The Centre for African Bio-Entrepreneurship (CABE) has given an impetus to the ongoing Kenya-wide concerns on the need to institutionalize the use of evidence in the country’s policy making, implementation, and evaluation. This is timely as the country continues to grapple with youth unemployment despite the existence of different policies and regulations-the most recent being the Youth Enterprise Development Fund (2007)[1] and Kazi Kwa Vijana.[2]

Speaking at English point Marina, Mombasa-Kenya in a conference convened by the Partnership for African Social Governance and Research-PASGR, CABE, executive director Dr. Hannington Odame expressed concern that the agricultural sector which accounts for 34 per cent of the country’s Gross Domestic Product and a key driver of Kenya’s economy provided little traction for the youth. Odame noted that agribusiness provides the greatest employment opportunity for the youth, who the International Labour Organization reports their unemployment rate to be 35 percent of the population.

Evidence informed policy making is not institutionalized.

The conference held between 25 to 26 February 2021 brought together collaborative houses (CABE, Pamoja trust, African Platform for Social Protection and Institute of Policy Analysis and Research-Rwanda) under Utafiti Sera house, a program implemented by PASGR.

Presenting different studies, the four houses agreed that evidence-based policy making has not been institutionalized in Kenya and Africa at large. Agreeing further that existing policies are not comprehensive and that related interventions are not sustainable; the houses questioned the role of policy culture in evidence use by government departments in Africa.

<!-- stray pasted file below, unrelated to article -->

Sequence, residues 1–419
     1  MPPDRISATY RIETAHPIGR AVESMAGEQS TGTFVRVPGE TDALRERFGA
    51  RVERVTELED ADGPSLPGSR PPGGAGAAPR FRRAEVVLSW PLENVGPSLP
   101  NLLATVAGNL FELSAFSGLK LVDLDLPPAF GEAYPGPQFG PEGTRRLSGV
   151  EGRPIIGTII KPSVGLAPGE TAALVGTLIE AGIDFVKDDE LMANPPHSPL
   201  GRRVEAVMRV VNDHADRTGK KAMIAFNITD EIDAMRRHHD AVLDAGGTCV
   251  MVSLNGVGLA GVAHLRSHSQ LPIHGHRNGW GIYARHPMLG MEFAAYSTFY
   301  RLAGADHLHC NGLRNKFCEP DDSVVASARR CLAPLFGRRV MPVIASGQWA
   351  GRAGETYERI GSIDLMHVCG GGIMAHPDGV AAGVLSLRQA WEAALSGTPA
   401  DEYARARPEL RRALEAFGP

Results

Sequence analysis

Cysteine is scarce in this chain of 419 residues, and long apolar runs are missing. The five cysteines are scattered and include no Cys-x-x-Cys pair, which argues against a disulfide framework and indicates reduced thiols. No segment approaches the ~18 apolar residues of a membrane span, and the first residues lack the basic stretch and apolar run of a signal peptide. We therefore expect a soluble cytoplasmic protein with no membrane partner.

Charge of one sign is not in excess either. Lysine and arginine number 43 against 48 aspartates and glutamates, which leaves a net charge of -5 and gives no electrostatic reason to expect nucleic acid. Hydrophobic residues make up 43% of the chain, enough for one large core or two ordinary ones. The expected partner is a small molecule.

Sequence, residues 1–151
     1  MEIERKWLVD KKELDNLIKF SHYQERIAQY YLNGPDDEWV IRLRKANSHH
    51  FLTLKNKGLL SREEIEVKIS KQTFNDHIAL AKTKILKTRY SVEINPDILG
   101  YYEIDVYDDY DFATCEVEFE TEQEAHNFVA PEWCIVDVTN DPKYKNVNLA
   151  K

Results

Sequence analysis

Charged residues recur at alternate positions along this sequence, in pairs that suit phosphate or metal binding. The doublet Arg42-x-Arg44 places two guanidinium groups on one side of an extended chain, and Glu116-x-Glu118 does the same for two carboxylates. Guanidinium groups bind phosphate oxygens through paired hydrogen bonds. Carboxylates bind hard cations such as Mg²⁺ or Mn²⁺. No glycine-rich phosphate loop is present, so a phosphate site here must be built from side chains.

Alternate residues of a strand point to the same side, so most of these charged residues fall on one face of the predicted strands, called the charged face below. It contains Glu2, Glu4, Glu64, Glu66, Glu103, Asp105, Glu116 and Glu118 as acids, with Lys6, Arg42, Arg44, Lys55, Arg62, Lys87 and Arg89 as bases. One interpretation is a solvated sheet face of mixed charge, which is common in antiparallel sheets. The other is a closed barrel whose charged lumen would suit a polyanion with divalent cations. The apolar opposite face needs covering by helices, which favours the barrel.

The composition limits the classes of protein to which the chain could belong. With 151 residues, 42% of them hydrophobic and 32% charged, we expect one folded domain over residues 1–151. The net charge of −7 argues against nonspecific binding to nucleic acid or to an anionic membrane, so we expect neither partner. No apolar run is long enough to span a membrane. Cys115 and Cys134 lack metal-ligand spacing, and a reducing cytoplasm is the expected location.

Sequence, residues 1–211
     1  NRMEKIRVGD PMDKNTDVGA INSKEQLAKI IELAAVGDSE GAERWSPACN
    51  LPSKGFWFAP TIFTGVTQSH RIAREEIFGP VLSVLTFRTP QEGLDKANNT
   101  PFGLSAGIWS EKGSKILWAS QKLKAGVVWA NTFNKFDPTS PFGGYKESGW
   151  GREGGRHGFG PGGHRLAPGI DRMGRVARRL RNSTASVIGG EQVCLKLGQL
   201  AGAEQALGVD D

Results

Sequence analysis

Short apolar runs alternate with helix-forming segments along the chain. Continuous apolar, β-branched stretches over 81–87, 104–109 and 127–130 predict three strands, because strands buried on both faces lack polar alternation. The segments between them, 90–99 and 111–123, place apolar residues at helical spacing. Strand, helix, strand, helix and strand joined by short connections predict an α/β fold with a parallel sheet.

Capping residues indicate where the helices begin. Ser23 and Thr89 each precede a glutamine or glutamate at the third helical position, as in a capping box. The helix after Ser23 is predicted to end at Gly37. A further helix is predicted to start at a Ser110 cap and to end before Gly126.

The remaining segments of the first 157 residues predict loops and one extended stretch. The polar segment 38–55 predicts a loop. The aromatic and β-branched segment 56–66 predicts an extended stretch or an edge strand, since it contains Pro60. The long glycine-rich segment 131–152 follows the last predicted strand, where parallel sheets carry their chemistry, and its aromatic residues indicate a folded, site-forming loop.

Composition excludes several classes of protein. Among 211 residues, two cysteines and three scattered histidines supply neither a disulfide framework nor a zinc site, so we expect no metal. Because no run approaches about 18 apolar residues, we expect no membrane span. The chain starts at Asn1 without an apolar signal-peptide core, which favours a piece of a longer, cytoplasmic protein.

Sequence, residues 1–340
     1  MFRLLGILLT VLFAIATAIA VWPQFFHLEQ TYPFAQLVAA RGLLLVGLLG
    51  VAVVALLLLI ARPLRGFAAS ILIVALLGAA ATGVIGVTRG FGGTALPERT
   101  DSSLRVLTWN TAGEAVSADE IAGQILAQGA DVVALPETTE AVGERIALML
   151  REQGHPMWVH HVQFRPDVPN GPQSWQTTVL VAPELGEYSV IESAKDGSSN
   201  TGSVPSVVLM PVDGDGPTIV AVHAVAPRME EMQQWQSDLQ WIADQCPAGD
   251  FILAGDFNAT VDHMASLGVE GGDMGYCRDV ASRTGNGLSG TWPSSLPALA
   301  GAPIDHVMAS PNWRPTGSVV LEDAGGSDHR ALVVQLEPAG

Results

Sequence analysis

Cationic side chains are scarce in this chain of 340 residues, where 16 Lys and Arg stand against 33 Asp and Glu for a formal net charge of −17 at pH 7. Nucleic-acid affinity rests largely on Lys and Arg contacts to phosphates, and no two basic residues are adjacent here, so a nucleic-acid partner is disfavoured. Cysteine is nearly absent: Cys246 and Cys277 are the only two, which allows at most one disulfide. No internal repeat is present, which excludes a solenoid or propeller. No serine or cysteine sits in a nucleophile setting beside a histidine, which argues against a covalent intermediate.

The social dimension

A section of youth in agribusiness

The houses highlighted the importance of the social element to stakeholder engagement. “What do socio-economic survey inform? How do we share information of the data collected and how does it engage with the implementation of the projects?” posed Samuel Olando, executive director, Pamoja Trust. Olando adds that the consideration of social dimensions is important since it helps in stakeholder engagement frameworks.

Emphasizing on a need for a comprehensive approach which recognizes social, economic, political, and ethical dimensions, the houses called for a multi stakeholder approach to evidence based policy making. “partnership with KCDMS through KEPSA and the County government of Makueni to identify gaps and challenges for youth employment in the agro production has borne fruits. This is illustrated by successful engagements with the CEC Agriculture, Makueni, as a key participant – under the auspice of “Feed the Future Program” housed by Makueni, USAID, Alternatives, RTI and CABE,” says Waithera Gaitho, executive director, Alternatives Africa.

Way forward

The Utafiti Sera interhouse conference is a step in the right direction on the need to entrench the uptake of evidence-based policy making in Kenya. Cognizant that policy engagement is not a short-term goal, hence requiring intergenerational partnerships, the houses commit to engage individual policy makers and actors; and learn from what works to seize relevant and evolving partnerships through an integrated approach to achieve a practical, sustainable, comprehensive policy on youth employment. Achievement of this will require trust building, policy dialogue and an appreciation of the role of policy culture (the way different governmental departments embrace the use of evidence in informing policies) in building an ecosystem of evidence use in policy making. Subsequently, implemented evidence-based policies will effectively help the Kenyan government to achieve its goals such as youth employment creation.

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